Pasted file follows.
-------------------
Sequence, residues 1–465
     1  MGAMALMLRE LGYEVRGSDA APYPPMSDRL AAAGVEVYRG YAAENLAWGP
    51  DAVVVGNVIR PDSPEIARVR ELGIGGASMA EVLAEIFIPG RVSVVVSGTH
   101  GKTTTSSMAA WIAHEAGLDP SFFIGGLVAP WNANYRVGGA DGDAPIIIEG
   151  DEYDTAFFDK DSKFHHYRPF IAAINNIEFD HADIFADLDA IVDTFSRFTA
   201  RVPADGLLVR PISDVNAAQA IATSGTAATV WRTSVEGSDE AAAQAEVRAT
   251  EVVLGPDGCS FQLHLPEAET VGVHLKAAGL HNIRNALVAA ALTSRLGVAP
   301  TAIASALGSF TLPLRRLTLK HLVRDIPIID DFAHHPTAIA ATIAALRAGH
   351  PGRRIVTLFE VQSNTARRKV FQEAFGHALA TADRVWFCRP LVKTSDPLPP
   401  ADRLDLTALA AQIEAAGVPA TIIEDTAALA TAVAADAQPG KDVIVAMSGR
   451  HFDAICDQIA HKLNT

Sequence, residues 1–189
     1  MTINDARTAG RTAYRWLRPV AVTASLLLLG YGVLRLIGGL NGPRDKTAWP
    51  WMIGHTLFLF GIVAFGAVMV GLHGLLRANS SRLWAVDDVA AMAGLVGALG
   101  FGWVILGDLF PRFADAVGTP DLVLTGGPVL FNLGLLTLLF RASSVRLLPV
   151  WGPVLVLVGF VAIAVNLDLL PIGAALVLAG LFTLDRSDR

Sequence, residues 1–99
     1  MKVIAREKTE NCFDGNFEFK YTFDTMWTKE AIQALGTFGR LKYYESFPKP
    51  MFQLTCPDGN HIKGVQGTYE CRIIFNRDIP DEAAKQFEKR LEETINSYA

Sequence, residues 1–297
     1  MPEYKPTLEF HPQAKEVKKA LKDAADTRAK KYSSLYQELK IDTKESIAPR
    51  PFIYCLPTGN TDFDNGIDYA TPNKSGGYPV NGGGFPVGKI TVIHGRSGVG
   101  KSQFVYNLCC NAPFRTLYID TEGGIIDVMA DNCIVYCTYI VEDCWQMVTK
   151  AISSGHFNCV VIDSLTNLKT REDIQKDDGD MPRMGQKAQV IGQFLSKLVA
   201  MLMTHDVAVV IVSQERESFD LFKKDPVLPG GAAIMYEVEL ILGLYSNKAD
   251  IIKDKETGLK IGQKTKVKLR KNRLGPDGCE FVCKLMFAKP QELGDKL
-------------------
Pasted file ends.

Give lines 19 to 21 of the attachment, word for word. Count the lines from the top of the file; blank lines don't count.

    51  MFQLTCPDGN HIKGVQGTYE CRIIFNRDIP DEAAKQFEKR LEETINSYA

Sequence, residues 1–297
     1  MPEYKPTLEF HPQAKEVKKA LKDAADTRAK KYSSLYQELK IDTKESIAPR